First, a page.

For the last week I have not written a great deal. I do answer questions online for those coming to the site and seeing my chat interface there when I can, however I’ve not been very productive with new posts in the last week. You can see when I am online and available to chat, as there’s a little icon in the bottom of your screen saying so.
Of course, my program material is still being sent out to all my members and I am giving the support I always do. However, there’s good reason for the apparent silence. I should explain.
Those of you who are regular readers may know my wife is always travelling. I don’t share a great deal of information in this regard, as you might know. However, I should explain that my wife is from Ukraine. Her daughter lives in Kiev with her two young sons.
I try not to be too political in these pages. When it comes to LGBTQ politics I feel this is a platform that I try to use appropriately to put some ideas out there, and like many writers I do like take the occasional swipe at authority and the self important stuffed shirts – most of whom need it from time to time. Generally, I try to focus on entertaining my members, and on providing a selection of informative and sometimes educational content. However, events in Europe in the last week are impossible to ignore.
I know over 70% of my members live in the USA, and that Kiev might seem a long way from these shores. However, it really isn’t far away at all. Here in Canada Ukrainians are the fifth largest ethnic group in the country.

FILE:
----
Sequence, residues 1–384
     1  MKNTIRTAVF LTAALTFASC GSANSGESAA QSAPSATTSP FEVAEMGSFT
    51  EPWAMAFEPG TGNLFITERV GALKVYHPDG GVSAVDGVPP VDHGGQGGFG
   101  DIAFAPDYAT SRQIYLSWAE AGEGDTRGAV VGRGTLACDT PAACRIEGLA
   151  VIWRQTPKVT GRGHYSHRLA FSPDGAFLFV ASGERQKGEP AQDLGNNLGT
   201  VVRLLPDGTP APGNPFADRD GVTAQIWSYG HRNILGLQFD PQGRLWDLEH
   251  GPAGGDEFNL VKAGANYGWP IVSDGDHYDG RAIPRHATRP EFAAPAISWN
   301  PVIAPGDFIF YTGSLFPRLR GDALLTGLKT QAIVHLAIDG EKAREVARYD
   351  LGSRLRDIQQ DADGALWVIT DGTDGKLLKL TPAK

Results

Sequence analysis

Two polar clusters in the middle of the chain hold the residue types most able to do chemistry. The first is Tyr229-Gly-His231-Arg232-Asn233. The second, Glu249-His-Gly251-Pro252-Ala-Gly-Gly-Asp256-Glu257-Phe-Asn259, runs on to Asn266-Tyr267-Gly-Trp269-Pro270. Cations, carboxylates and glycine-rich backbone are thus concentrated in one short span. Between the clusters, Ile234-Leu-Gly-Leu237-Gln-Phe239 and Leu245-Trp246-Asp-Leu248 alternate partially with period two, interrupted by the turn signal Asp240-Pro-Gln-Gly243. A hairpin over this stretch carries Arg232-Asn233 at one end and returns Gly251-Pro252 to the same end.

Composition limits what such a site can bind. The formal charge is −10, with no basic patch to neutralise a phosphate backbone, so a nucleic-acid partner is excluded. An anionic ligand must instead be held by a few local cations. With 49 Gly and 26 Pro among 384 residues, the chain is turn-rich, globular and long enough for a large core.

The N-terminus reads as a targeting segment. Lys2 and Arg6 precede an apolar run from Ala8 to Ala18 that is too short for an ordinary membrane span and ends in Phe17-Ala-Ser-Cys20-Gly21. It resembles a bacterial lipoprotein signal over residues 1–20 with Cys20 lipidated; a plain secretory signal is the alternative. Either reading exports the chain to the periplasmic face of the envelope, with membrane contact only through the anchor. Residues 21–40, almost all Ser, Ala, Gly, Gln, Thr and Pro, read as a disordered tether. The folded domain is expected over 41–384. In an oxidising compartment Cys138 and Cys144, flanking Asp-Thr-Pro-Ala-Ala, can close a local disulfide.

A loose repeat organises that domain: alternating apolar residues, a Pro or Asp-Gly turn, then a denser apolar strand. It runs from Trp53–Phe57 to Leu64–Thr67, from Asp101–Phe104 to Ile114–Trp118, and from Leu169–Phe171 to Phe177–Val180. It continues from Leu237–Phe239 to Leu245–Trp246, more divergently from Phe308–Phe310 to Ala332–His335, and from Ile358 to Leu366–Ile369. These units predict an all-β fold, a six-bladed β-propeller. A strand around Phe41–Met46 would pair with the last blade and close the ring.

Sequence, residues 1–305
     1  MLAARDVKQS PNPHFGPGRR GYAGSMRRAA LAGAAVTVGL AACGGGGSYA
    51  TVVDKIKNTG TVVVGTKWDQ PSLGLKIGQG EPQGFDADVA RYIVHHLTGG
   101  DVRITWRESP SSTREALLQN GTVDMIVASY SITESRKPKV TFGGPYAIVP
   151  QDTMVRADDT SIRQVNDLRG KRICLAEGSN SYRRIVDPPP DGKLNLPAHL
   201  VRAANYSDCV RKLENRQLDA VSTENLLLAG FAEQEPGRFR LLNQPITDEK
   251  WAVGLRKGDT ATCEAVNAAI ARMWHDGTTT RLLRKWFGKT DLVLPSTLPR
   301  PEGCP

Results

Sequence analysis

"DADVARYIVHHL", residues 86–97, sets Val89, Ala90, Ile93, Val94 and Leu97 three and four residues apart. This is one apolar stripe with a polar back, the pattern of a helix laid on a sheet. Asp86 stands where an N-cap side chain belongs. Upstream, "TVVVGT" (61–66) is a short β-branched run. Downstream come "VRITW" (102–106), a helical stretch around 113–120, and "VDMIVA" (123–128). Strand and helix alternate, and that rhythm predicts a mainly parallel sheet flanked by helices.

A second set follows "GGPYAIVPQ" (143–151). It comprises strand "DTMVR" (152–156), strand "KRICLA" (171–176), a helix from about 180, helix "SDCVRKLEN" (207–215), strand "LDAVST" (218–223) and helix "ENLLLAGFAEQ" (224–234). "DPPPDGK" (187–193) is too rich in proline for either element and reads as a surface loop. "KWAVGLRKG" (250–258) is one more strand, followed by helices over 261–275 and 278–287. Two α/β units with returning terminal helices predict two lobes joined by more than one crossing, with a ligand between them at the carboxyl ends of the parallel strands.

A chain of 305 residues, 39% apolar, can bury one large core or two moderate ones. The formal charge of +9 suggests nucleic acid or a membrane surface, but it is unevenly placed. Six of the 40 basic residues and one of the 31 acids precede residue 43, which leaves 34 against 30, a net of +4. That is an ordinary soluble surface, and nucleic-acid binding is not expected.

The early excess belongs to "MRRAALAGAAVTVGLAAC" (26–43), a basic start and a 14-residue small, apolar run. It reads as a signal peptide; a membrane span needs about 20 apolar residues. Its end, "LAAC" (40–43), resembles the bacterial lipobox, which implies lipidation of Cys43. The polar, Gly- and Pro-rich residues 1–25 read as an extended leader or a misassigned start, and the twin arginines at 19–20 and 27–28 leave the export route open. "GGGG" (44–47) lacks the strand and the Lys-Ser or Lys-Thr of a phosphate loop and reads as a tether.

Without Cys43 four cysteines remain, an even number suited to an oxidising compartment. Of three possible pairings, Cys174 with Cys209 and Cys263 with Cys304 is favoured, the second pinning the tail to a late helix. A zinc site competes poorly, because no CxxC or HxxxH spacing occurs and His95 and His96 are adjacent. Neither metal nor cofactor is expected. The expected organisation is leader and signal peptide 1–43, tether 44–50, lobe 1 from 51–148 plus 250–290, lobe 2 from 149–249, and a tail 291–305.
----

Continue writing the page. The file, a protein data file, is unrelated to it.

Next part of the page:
Events in the USA have considerable impact for many of us who do travel and have family in Europe. For example, when a politician undermines the integrity of an organisation, such as NATO, there are consequences. The damage done by four years of mismanagement on the part of the former administration very nearly derailed the organisation that has guaranteed the peace of Europe for the last seventy years. To the ignorant and the insular this may mean little – and I would be the first to agree that most such organisations are imperfect. However, we may be in the process of learning how very much we depend on the commitment of some of these structures. There really is a reason we have norms and standards in government. There is a reason we hold ourselves to a standard dictated by something other than pure profit and self interest. My many European members are likely as uneasy about the future as I am.
Tonight Kiev is under attack. For those of us with loved ones there we cannot divert our attention to the folly of a selfish greedy misogynist whose cowardice played a large role in bringing us to this place. Our thoughts are with those we love who are in desperate trouble. In these pages I have always emphasised the need to accept ourselves, and not dwell on the failings of others. It’s not always an easy thing to do. However, we must try to do so. And these dark days are not likely to be easy. So, for a few days I appreciate your indulgence.
Below is a track from a band called Baccara, performed at a televised concert in Kiev a few years ago. I first heard this band when skiing in Italy in the Dolomite mountains as a preteen. The band was current at the time and the music would be piped out over the ski slope sound system. It was a lovely touch. I was surprised to find that the duo happened to do a TV special performance in Kiev years later. I thought it a good way to remind us all that even though these places seem far off, they touch us in a myriad of ways. The people who performed, staged and presented this show are just like you and I. They have children that need to be driven to school, chores to be done and their own little idiosyncrasies, too. As a dictator’s bombs and rockets fall on innocent children in Kiev tonight we might want to spare a thought for the joy we are capable of sharing, when we focus on the positive and creative things we can do – and how easily we lose these things if we are not careful.
Please, spare a moment to pray for Ukraine.